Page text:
Prison service will take ‘lessons learned’ into new tagging deals with G4S and Serco


Firms have previously admitted overcharging government by cumulative total of £170m but are now back in the fold, with HMPPS stressing that contracts have set clear ‘accountabilities, roles and responsibilities’

The boss of HM Prison and Probation Service has told MPs that lessons from past experience with electronic tagging contracts have been learned as Serco and G4S have been awarded new deals worth up to £450m.

The firms wrongly billed the Ministry of Justice for tens of millions of pounds under electronic-monitoring contracts first awarded in 2005. Sometimes multiple charges were made in relation to the same offender, in other cases charges were made for offenders who were dead.

G4S repaid the department more than £100m after details of the overcharging scandal emerged in 2013, while Serco repaid £70.5m. Both companies removed themselves from the procurement process for the “next generation” of electronic monitoring devices. G4S subsequently returned to supplying electronic tags to government.

Investigations by the Serious Fraud Office resulted in Serco being fined £19.2m plus £3.7m costs and G4S being fined £38.5m plus £5.9m costs over the scandal.

Earlier this month Serco landed a £200m MoJ contract to deliver electronic-monitoring services in England and Wales for six years to May 2030. The deal will be worth an additional £75m if two one-year extension options are exercised.

G4S was granted a £175m contract to deliver monitoring technology, which includes devices for location monitoring and alcohol monitoring.

In a letter to members of parliament’s Public Accounts Committee, HMPPS chief executive Amy Rees said the service’s approach to the new contract arrangements had “been informed by previous experience and lessons learned, as well as government best practice”.

She said specific supplier “accountabilities, roles and responsibilities” had been set out in the respective contracts agreed with Serco and G4S.


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“During implementation of the new service, both suppliers will be required to report on progress and risks through an implementation board,” she said. “This board will oversee delivery of the integrated implementation plan and ensure risks are appropriately managed through the various phases of transition. The implementation board will report into a service delivery board, chaired by the head of EM operations, where ultimate responsibility for holding suppliers to account and dealing with any issues will take place. This will ensure there is senior-level oversight of progress and risks.”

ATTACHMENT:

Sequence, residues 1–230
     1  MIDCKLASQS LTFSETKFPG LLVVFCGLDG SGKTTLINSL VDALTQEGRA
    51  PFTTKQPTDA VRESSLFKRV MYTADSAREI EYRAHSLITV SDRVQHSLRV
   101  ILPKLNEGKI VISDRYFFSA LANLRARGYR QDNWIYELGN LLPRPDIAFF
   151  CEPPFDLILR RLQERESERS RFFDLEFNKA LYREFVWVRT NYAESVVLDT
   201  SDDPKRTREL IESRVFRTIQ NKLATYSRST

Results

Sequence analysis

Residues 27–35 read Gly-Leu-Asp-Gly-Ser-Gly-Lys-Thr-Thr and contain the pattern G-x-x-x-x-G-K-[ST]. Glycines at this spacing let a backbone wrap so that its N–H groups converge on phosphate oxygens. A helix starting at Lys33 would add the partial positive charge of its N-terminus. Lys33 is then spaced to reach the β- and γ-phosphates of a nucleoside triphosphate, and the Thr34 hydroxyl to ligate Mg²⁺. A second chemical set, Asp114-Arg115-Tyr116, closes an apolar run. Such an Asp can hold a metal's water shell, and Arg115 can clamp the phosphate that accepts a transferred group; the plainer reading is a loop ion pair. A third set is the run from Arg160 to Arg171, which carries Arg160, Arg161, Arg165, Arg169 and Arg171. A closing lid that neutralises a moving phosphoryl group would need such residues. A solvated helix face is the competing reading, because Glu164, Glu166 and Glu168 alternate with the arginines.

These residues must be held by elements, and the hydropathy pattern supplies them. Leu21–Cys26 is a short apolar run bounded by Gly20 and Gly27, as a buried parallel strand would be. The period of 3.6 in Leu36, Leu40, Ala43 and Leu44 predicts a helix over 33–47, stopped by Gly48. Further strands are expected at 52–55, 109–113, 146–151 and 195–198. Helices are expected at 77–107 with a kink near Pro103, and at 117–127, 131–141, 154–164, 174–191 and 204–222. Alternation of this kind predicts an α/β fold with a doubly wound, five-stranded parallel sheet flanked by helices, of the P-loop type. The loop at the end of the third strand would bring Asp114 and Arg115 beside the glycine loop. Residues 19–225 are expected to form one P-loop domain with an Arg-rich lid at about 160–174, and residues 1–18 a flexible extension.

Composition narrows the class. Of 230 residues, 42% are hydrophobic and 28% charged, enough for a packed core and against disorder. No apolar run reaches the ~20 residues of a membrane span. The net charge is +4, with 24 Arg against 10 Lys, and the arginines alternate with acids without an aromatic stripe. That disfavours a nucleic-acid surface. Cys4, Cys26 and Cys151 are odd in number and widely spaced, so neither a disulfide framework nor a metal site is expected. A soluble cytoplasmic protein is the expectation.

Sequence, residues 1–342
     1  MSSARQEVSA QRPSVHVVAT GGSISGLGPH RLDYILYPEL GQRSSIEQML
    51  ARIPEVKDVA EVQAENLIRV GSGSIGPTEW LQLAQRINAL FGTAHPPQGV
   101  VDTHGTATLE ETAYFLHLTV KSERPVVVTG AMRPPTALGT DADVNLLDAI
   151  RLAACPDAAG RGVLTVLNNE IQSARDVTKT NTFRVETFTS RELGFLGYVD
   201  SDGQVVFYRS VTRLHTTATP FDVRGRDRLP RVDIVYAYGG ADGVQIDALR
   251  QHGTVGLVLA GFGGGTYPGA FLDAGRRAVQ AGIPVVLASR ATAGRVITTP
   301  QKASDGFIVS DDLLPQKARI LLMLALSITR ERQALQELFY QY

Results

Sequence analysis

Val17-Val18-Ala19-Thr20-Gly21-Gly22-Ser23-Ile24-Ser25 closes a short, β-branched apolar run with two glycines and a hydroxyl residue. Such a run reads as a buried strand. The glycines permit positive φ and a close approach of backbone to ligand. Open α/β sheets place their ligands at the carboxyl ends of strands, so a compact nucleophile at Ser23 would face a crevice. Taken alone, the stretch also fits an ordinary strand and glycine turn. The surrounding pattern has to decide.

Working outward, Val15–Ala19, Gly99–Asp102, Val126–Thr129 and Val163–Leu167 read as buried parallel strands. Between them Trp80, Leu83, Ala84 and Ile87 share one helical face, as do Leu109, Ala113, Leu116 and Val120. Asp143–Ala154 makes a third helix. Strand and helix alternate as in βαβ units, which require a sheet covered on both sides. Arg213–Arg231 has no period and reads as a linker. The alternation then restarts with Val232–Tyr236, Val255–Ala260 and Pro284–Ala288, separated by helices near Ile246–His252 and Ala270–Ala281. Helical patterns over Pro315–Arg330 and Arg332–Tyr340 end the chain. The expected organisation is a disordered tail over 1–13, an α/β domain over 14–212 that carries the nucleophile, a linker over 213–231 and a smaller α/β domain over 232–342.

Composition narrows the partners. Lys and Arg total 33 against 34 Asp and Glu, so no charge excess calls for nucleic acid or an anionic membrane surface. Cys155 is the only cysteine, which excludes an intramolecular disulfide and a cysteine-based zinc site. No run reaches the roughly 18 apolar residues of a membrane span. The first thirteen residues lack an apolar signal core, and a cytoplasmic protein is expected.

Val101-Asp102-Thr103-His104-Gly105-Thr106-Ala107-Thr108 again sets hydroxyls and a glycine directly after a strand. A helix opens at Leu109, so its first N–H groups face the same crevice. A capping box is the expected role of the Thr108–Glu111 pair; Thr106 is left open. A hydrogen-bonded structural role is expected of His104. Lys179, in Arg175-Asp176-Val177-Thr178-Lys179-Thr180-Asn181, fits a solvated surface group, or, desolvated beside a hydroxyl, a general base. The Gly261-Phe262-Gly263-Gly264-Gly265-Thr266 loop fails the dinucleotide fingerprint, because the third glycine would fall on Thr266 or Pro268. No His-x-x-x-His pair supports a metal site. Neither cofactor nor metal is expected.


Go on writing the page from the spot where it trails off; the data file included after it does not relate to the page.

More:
Rees’ letter was prompted by a recommendation in PAC’s Transforming electronic monitoring services report last year, which called for HMPPS to set out how it would handle risks in the programme once suppliers had been appointed.

The letter was dated 27 October but was only published late last week. The Serco and G4S contracts were announced on 8 November.

Rees said that, as field and monitoring services supplier, Serco would act as service integrator and be responsible for the running and management of the end-to-end service. She said that in addition to their individual contractual obligations, Serco and G4S had also signed a separate collaboration agreement setting out clear expectations on behaviours and ways of working.

“Both suppliers will appoint a suitably senior lead officer who will be specifically accountable for ensuring their respective teams adhere to the requirements set out in the collaboration agreement,” she said. “These leads will attend the service delivery board.”

Published in October last year, PAC’s report detailed a litany of concerns about HMPPS and MoJ’s handling of tagging.

Committee chair Dame Meg Hillier said the current system was “outdated” and at “constant risk of failure”, while the report flagged £98.2m wasted on a scrapped Gemini case-management system, which MPs described as “high-risk and over-ambitious”.

MPs also criticised the MoJ and HMPPS for failing to rigorously evaluate whether tagging reduces reoffending before pushing ahead with a £1.2bn programme to expand it to another 10,000 people.

As of March last year around 15,300 offenders were tagged, according to the report.

Jim Dunton

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